Many people realize the importance of the arts in the development of children’s social, psychological and educational skills. However, the arts in public schools — more specifically elementary schools — are doing their best to stay afloat in a pool of economic hardship.
With this economic struggle, people and school districts are looking to cut art programs in preference to other subjects.
According to the Utah Education Association, school districts across the state lack funding for art or music teachers in elementary schools.
Thomas Herb, assistant professor of music education, said it is important for these programs to exist and thrive in elementary schools because it is a part of the human experience.
“If the schools exist to teach children how to become good, productive humans, then they have to learn how the arts work,” he said.
According to Herb, Utah secondary schools are on par with other schools in the nation in terms of the art programs, but the elementary schools could use some help.
He said that in his experience of working in 10 different states, Utah has the weakest elementary arts education program.
“I base this on the fact that all of the states I worked in previously had government requirements that students get a certain number of minutes a week of arts instruction from a full time teacher with salary and benefits, who is certified with an Arts Education degree and licensure,” he said. “Utah does not have this requirement.”
Herb said he knows of teachers that do instruct in the arts on a part-time, hourly basis and do a good job, but the overall system is weak.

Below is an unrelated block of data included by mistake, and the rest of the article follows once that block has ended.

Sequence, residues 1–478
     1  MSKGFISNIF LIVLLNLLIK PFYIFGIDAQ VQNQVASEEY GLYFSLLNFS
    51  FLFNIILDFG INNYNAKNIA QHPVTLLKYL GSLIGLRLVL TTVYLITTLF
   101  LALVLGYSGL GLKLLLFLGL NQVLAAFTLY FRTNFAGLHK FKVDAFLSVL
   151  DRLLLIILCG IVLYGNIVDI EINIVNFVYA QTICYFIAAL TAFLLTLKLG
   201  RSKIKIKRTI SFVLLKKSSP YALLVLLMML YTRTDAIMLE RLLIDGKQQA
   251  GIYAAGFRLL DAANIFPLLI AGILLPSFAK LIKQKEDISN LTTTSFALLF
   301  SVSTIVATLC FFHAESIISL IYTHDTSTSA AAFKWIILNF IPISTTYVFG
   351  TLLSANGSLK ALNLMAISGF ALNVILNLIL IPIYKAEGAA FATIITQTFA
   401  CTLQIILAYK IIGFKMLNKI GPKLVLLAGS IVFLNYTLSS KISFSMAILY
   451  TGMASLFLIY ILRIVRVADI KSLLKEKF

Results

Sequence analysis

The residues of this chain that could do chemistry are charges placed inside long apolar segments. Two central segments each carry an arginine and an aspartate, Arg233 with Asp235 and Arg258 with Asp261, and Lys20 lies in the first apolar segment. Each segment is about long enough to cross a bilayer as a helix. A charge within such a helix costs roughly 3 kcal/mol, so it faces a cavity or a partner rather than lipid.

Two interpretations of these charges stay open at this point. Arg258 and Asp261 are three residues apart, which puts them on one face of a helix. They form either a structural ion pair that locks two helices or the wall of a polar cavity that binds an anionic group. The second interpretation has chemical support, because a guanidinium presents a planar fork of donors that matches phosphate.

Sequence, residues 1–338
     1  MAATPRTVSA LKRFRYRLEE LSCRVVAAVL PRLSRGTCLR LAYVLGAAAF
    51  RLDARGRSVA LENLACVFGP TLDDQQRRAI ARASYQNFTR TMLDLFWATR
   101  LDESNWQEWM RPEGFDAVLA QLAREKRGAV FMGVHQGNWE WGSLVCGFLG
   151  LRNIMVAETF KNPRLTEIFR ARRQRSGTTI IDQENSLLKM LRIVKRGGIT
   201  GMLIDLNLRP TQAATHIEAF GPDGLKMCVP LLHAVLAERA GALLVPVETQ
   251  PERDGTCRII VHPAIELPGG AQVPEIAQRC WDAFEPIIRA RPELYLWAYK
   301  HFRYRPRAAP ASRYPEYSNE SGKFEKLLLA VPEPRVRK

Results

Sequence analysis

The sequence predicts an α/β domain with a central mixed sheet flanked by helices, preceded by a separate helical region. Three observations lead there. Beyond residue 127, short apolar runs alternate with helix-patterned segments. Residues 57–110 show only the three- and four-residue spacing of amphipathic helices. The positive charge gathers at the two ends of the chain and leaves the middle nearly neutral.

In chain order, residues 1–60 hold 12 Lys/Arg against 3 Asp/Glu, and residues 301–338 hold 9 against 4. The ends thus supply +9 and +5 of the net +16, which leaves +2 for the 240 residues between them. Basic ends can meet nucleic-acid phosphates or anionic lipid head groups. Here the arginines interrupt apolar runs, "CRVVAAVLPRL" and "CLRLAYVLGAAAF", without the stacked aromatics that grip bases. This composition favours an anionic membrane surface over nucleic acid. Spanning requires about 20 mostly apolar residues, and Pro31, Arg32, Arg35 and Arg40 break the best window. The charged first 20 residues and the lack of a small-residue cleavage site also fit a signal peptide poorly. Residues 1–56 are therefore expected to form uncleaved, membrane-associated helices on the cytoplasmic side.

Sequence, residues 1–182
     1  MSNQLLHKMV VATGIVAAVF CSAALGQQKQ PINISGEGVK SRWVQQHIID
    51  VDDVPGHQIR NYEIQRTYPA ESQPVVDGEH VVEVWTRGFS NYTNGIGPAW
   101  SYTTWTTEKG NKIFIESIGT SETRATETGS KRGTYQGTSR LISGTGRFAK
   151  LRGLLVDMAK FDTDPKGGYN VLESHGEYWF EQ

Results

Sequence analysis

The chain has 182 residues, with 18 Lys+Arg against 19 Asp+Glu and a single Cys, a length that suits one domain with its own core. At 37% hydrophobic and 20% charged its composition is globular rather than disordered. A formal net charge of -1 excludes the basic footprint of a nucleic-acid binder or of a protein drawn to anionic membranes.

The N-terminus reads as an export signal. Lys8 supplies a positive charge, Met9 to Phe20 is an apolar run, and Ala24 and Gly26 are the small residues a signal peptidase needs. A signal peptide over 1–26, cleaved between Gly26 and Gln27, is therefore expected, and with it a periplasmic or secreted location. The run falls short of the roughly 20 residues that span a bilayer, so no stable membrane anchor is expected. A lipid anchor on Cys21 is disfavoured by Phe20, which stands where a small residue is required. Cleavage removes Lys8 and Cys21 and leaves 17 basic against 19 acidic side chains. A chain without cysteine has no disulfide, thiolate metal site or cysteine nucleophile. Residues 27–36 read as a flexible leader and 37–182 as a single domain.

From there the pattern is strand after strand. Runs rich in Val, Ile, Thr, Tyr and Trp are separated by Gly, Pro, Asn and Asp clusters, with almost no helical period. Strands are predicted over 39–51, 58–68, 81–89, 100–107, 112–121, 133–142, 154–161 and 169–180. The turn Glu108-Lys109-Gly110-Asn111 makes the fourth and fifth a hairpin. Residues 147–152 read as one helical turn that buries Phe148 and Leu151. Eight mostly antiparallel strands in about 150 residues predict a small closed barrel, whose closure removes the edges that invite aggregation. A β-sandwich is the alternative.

“I am certain those teachers would prefer to get a full salary and benefits, and be better teachers because of it,” he said.
Across the nation, arts programs vary depending on the state and the budget provided for schooling.
Herb said creating full-time jobs for certified art and music teachers at every school would help ensure a quality art education for the students, but the problem is funding it.
“You would need a general public who would rather pay higher taxes for better arts programs, rather than pay lower taxes for weaker arts programs,” he said.
The Utah Education Association said Utah taxpayers are willing to pay extra tax dollars to fund education.
“Historically, survey after survey confirms that Utah taxpayers want tax dollars to fund education, and in fact, would be willing to pay additional taxes if that money is dedicated to public school teacher salaries and reducing class size,” said the UEA website.
Alina Remkes, a junior music education major from Fillmore, said she is concerned about the future of the arts in schools and doesn’t understand why Utah doesn’t raise taxes to accommodate the arts in the schools.
“I guess schools don’t care as much about the arts, so it’s not important enough for them to raise the taxes for it,” she said. “But if the taxpayers are willing to pay, then why aren’t they raising the taxes?”
She said there needs to be more dedication toward the arts in order for the programs to be successful.
“It needs to be a priority among administrators, teachers and students, as well as government officials,” she said. “If there is proper encouragement for it, then the students will be more likely to succeed.”